The difficulties are as follows:
Although the definition of "country" may seem obvious, there are occupations of one country by another, stamp issued by areas in rebellion, reunifications, and regions that have issued their own stamps for one reason or another. A classic example is Germany; unified from many smaller entities, then divided into multiple zones of occupation at the end of World War II, then divided into West Germany and East Germany, then reunified. Catalogs typically treat West Germany as part of a single sequence under the name "Germany" while giving East German stamps their own numbers.
The definition of "postage stamp" can also be problematic for catalogers. For instance, some countries have issued adhesive labels purporting to be postage stamps, but which had the "cancel" printed directly on the stamp and shipped to dealers, without ever being sold to the public for use on letters. The treatment of these has long been a vexing issue, and catalogs vary greatly on whether to list the stamps. A related issue is a small number of extremely rare stamps that may or may not be old forgeries; the assignment or removal of a number is a key step in the consensus as to their authenticity.
Philatelists typically identify more types of stamps than do the governments issuing them. Changes of perforation, watermark, often occur without any official notice, as do printing errors. In a few cases, even the date of first issue of a stamp has no surviving record.
The issuance of multiple types on a single day is an old practice, but usually these were different denominations, and could be numbered in ascending order of value. More recently, it has become common to issue a group of stamps with related designs and the same denomination on the same day.
Finally, it is common for the stamps of a definitive series to be issued one or a few at a time, as postal rates change. Logically, they are part of a single group, with a unified design theme and a sequence of values, even though ten years or more may have elapsed from the first to the last. The same reasoning could be applied to special-purpose stamps such as airmail or postage due stamps.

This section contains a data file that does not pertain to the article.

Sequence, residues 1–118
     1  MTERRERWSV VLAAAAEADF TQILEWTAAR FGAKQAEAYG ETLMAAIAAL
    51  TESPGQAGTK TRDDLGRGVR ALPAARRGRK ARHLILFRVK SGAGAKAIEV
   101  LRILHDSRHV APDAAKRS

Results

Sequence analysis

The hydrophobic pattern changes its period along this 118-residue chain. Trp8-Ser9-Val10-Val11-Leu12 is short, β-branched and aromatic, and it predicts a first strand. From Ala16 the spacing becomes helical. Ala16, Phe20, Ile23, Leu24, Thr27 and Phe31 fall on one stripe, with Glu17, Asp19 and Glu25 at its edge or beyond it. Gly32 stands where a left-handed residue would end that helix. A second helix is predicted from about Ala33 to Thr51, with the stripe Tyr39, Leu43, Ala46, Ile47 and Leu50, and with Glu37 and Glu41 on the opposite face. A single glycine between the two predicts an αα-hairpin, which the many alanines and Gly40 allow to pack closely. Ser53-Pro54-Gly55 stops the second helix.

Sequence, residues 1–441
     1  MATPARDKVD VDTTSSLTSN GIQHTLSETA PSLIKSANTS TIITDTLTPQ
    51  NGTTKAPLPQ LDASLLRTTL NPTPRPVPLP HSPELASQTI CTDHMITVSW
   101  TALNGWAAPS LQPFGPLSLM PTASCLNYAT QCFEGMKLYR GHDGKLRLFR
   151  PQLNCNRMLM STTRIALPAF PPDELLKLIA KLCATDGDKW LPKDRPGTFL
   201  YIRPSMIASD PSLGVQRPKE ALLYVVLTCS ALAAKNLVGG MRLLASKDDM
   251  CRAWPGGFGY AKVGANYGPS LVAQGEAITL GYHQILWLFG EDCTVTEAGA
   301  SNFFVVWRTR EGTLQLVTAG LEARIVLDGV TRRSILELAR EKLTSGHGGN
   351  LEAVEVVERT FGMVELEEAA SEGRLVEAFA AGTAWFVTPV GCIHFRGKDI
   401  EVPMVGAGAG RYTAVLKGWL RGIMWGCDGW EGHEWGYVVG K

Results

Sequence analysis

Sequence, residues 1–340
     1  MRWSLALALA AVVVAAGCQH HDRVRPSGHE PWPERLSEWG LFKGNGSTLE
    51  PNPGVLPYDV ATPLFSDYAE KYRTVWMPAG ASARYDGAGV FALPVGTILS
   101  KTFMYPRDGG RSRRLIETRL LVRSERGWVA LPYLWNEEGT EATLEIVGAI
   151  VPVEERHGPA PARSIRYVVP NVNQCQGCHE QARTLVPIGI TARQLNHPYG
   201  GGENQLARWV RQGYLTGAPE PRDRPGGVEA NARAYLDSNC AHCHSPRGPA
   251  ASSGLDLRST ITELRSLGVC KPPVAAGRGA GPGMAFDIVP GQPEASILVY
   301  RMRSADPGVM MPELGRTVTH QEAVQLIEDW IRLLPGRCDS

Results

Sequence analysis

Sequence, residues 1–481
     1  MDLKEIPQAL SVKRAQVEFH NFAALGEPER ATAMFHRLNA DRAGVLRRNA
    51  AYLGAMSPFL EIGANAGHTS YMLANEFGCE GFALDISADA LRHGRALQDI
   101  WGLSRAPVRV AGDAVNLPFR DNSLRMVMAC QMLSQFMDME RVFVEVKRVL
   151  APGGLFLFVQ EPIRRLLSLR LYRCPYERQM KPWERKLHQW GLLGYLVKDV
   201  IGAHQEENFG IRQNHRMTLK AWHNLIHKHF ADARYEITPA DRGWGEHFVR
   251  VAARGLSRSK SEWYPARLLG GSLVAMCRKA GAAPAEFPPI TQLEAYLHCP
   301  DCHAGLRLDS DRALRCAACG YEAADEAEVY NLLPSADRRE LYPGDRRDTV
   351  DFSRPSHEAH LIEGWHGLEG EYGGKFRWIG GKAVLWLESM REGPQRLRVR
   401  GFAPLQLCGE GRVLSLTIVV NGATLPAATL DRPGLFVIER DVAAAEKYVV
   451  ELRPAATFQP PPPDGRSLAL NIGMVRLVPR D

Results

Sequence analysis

Numbering of stamps cannot be a purely mechanical process; it is a complicated undertaking that requires some editorial judgment. Over time, stamp numbers become a shorthand for collectors and dealers; in the United States, the Scott catalogue number "C3a" is instantly recognized as the Inverted Jenny.
The Scott system assigns plain numbers for regular mail stamps, and uses capital letter prefixes for special-purpose types, such as "B" for semi-postals and "C" for airmail. The numbers are generally consecutive; there are gaps among older stamps, where some numbered types were later renumbered, and among newer stamps where Scott has left numbers unassigned in the anticipation of additional stamps in a series. If more stamps than expected appear, Scott will add a capital letter as suffix, or if the change is very recent, it will renumber stamps. Minor variations, such as shades or errors, get a lowercase letter; so the "C3a" above indicates a variation (error in this case) on the third US airmail stamp.
The Gibbons, Yvert and Michel catalogs use different arrangements for numbering regular and special-purpose types, and attach different importance to variations in paper, perforation, watermark and other types.
Because of its commercial importance the publishers of the Scott Catalogue claim copyright on their numbering systems, and grant only limited licences for their use by others. The inconsistency with which Scott enforced these licences resulted in a lawsuit by Krause Publications (publishers of the Minkus Catalogue) for copyright infringement. After Krause filed a defence the suit was settled out of court, and Krause continued to reference the Scott numbers. It has been speculated that Scott was not successful Attempts by philatelists to establish an alternative have not yet been successful.
In general, governments have not tried to number their own stamps. The People's Republic of China is a notable exception, having inscribed most of its stamps with a unique numbering system since 1949.